'I was abused in a gay bar for being black'

A man from Leeds has spoken out about the dual discrimination he faces because of his sexuality and ethnicity.

Tyron Webster, who identifies as a queer, black male, says he has particular concerns about the racism he has been subjected to in LBGT+ bars.

The 28-year-old said: "I was out in a LGBTQ+ space and there was this guy who was throwing every racial slur at me.

"He was calling me a monkey and saying the 'N-word' quite a lot. So I went to get a bouncer, but then I was the one that got kicked out."

Tyron Webster says the discrimination he faces is 'tiring'

A new study by UK Black Pride found that people from ethnic minorities who identify as LGBT+ feel "unsafe" in the UK because of racism and abuse.

The We Will Be Heard report explored community venues, safety, media, mental health and the workplace.

The research found that only 25% of respondents felt that their local LGBTQ+ venues were welcoming for ethnic minorities.

Almost half of respondents, 47%, said they have been insulted, pestered, intimidated or harassed in person. As a result, 61% said they avoid certain streets because they do not feel safe there.

Tyron said: "It's tiring, it's exhausting. You just want to go about and live your life like everyone else. But, just because of the colour of your skin or your sexuality, it's made ten times harder."

What is intersectionality?

Intersectionality is the acknowledgement that everyone has their own unique experiences of discrimination, depending on a mix of their gender, race, class, sexual orientation or physical ability.

The We Will Be Heard Report is the first research of it's kind into the unique challenges faced by ethnic minorities who idenitfy as LBGT+.

Phyll Opoku-Gyimah, of UK Black Pride, has concerns about the welfare of some

Phyll Opoku-Gyimah, executive director and co-founder of UK Black Pride, said: "We've got to take this survey and the responses seriously.

"We are concerned about the welfare, wellbeing, sustainability of communities and organisations. We've got to do a lot of learning and unlearning to support different marginalised and vulnerable communities.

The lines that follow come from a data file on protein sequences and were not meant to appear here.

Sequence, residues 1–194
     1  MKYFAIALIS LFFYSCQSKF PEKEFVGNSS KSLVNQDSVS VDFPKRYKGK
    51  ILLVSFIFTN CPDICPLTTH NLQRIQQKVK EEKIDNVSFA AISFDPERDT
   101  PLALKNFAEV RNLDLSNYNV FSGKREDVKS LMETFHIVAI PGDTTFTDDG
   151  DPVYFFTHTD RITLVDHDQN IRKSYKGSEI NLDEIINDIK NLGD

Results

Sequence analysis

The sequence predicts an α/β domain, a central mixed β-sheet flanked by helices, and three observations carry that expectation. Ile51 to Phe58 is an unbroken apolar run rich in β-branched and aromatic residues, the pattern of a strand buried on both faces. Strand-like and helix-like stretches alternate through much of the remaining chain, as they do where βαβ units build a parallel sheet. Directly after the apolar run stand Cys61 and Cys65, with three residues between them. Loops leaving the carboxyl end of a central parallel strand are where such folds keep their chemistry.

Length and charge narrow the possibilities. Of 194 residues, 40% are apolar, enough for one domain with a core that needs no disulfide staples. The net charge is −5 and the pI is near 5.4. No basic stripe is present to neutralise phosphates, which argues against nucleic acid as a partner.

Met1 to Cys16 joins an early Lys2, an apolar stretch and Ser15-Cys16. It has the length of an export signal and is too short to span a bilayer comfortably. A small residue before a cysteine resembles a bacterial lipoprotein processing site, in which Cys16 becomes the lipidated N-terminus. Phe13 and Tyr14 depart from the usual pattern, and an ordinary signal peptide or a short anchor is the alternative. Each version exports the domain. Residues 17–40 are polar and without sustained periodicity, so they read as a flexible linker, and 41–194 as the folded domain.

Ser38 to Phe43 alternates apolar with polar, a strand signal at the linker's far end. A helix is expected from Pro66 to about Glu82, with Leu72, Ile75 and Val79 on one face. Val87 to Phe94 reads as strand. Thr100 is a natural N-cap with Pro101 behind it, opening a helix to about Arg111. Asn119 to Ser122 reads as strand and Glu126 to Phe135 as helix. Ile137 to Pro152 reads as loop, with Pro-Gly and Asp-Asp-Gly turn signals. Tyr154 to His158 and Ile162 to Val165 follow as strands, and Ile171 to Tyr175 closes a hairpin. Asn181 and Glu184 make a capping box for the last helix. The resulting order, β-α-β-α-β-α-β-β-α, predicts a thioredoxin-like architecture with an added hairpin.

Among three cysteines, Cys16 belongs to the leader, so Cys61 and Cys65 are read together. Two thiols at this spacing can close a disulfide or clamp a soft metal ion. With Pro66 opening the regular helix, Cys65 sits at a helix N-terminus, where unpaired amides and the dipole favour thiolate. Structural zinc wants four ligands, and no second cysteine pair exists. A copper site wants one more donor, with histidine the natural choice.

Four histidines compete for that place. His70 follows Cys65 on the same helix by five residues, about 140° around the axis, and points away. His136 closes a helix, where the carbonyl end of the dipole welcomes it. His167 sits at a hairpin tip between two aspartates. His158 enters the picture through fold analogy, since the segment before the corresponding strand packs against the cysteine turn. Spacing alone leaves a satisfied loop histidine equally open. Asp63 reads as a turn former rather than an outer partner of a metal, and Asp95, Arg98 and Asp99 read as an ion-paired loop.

She added: "Our hope is that other organisations will join us in committing to addressing and redressing some of the disparities made clear here."

In a statement, the Cabinet Office Equality Hub said: "The government remains fully committed to building a fairer Britain and taking the action needed to address negative disparities wherever they exist."No-one in the UK should have to endure racism and the Government is clear that all hate crimes are completely unacceptable and have no place in British society. We will shortly be publishing a new Hate Crime Strategy to set out the Government’s plan for tackling these abhorrent crimes."

Who to contact if you or someone you know needs help:

  • Samaritans operates a 24-hour service available every day of the year, by calling 116 123. If you prefer to write down how you’re feeling, or if you’re worried about being overheard on the phone, you can email Samaritans at jo@samaritans.org

For more information on intersectionality in the LGBT+ community:

  • UK Black PrideEurope’s largest celebration for African, Asian, Middle Eastern, Latin American and Caribbean-heritage LGBTQ people.

  • Adira: A Sheffield-based service to raise up the voices of the black community and the specific intersections with mental health.